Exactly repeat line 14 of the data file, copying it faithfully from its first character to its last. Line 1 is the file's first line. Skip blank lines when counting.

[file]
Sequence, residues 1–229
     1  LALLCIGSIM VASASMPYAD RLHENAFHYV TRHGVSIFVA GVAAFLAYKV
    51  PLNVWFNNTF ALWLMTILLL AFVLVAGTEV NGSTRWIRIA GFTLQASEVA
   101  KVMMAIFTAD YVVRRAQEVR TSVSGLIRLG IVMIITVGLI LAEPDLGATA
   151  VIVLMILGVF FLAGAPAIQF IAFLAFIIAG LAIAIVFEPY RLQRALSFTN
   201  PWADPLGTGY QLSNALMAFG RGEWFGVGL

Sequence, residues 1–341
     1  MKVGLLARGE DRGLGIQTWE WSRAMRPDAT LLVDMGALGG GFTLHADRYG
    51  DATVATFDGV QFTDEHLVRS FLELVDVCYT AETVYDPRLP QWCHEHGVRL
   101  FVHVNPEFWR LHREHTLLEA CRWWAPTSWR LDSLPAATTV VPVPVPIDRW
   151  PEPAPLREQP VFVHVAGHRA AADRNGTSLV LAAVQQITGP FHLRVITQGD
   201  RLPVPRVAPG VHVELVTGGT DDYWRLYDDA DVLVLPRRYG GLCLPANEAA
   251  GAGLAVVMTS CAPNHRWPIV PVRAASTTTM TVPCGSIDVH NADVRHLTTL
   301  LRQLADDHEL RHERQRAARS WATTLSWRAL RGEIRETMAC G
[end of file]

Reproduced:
   301  LRQLADDHEL RHERQRAARS WATTLSWRAL RGEIRETMAC G